Trimming beech hedges

Beech hedges are popular, easy to trim and thick-growing. Find out more about the best time to trim beech hedges and how to maintain them.

A man wearing protective equipment trimming a beech hedge with a STIHL HLA 66 cordless long-reach hedge trimmer
Beech hedges are very easy to trim.

Overview: Trimming beech hedges 

  • Beech hedges should be trimmed twice a year 
  • We recommend doing it in February and at the end of June 
  • Beech hedges are particularly easy to trim, and you can even cut into old wood without causing lasting damage 
  • Observe the hedge trimming regulations set forth in the German Federal Nature Conservation Act  
  • As a maintenance measure, you should fertilise hedges and water young beech hedges regularly 

When is the best time to trim a beech hedge? 

The question of when to cut a beech hedge is easily answered. As beech hedges grow quickly, it is best to cut them twice a year, once in early spring and once around Midsummer’s Day. February is a good time for cutting a beech hedge back hard if necessary, because at this time you will not disturb any breeding birds and new growth hasn’t yet begun. 

Distant view of a man wearing protective equipment while pruning a beech hedge with a STIHL HLA 66 hedge trimmer

Hedges cannot be cut at all times of the year.

From a legal point of view, you should avoid using a hedge trimmer after the end of February, as Section 39(5) of the German Federal Nature Conservation Act prohibits dramatic pruning of beech hedges from 1 March to 30 September – this legislation is intended to protect breeding birds.  

However, you can always make light shaping and maintenance cuts to your beech hedge once you have ensured that no birds are breeding in it. An additional maintenance cut around Midsummer’s Day (24 June) is a good idea. 

With regular hedge trimming your plants will remain beautifully shaped and grow back densely – but note that in autumn, hornbeams gradually lose their leaves and so become less sight-obstructing. Hornbeam hedges initially turn yellow at this time of year, while copper beech hedges take on a bright orange-red colour. Both copper beech and hornbeam hedges can be treated in the same way.

How to trim beech hedges correctly

Whether your hedge is a European beech or a hornbeam, to trim a beech hedge correctly there are a few things you should take into account to ensure your hedge will grow back healthy and dense. We explain how to trim your beech hedge correctly.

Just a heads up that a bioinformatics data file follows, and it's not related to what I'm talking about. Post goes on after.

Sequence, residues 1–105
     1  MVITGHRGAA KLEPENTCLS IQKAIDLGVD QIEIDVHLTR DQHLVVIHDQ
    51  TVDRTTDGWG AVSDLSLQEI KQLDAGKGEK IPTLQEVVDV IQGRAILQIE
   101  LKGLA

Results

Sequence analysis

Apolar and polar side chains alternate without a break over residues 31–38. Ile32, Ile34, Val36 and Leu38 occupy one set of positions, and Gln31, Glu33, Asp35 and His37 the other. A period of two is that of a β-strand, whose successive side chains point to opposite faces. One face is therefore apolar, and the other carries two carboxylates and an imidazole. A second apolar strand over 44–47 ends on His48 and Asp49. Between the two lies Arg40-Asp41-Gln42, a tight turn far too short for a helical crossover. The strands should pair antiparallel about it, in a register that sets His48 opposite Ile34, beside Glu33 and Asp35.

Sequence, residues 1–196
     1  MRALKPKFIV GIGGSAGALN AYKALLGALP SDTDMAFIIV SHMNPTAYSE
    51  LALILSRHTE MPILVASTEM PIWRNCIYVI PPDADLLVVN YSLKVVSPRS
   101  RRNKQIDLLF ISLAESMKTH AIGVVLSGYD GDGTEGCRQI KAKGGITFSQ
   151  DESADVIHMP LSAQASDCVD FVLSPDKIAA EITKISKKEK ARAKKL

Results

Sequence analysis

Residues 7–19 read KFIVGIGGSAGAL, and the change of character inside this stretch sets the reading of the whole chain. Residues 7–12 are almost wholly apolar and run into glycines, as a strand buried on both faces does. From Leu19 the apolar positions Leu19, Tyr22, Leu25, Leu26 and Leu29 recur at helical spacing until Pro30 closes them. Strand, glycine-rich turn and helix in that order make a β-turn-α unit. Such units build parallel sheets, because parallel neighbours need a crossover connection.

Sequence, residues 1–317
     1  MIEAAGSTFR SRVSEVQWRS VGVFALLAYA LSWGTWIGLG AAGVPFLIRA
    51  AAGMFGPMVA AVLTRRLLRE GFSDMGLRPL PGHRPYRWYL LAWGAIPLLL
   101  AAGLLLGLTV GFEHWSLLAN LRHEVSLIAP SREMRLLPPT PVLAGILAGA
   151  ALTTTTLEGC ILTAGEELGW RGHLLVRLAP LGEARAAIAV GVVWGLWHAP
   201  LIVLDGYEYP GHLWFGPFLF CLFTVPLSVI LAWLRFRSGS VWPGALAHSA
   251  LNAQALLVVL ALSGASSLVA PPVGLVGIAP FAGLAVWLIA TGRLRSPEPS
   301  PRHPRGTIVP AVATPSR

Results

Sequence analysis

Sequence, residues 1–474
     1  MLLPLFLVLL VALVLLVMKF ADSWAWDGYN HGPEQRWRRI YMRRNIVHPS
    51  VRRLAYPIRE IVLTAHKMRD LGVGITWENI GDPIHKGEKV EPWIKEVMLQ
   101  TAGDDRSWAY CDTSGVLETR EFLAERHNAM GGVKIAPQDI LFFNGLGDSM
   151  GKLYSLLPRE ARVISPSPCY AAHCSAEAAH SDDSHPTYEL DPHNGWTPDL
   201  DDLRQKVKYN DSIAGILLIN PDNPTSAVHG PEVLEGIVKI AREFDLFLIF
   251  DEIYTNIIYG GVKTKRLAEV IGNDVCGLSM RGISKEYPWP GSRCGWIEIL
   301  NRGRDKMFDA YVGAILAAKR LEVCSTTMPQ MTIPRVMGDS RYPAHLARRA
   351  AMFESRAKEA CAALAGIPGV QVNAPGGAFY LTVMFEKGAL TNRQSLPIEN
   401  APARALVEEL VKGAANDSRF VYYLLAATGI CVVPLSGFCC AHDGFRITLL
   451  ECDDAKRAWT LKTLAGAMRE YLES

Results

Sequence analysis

Cutting a beech hedge back hard  

Trimming a beech hedge is a rewarding task for beginners, as beech tolerates cutting so well you can’t really go wrong. You can significantly trim your beech hedge in both height and width, and it will grow back densely. You can rejuvenate an old beech hedge by cutting it right back: before spring starts, use an electric chainsaw to saw off all old branches above the ground, so that only the central stem remains with side branches about 10 centimetres long. Trim all non-branching stems with the hedge trimmer. Mechanical secateurs are ideal for finer work.

Trimming beech for dense growth

Around Midsummer’s Day on 24 June, it’s a good idea to give your beech hedge another gentle trim so that it becomes dense with new growth. Please bear in mind that harsh pruning is prohibited during this time to protect breeding birds. Keep a close eye out for birds’ nests when you start cutting your beech hedge into shape.  

Carefully remove all new stems that have not yet branched, as well as any unsightly extra-long protruding stems. You should also look out for old and diseased stems to remove them. However, be sure to leave in place a third of the new growth from the current year. 

Neatly cut, well-maintained trapezoidal beech hedge beside a lawn

Cutting the hedge into a trapezoid shape ensures it gets enough light and will not be overly laden down with snow in the winter.


When shaping your beech hedge, you can use some stretched twine as a guide to trim the plant into trapezoidal shape – slimmer at the top, wider at the bottom. This shape ensures your beech hedge gets enough sunlight and helps prevent snow breakages in the winter. 

Cutting like this will make your beech hedge grow dense and helps produce a compact, tidy appearance.

Discover tools for beech cutting

Close-up of a beech hedge

You should care for and water your beech hedge.

Caring for beech hedges 

After deep pruning, it’s a good idea to fertilise your beech hedge. Fertilising the hedge ensures it has a sufficient supply of valuable nutrients and promotes the start of healthy regrowth in spring. You should also water a young beech hedge regularly. Old beech hedges only need to be watered during dry periods so that they don't turn brown. However, you should always be sure to avoid waterlogging when maintaining hedges. 

In order to look after your beech hedge correctly, it is important to be able to recognise and treat hedge diseases. It is also a good idea to fill in any gaps in the hedge to give your beech hedge a compact and well-groomed appearance.

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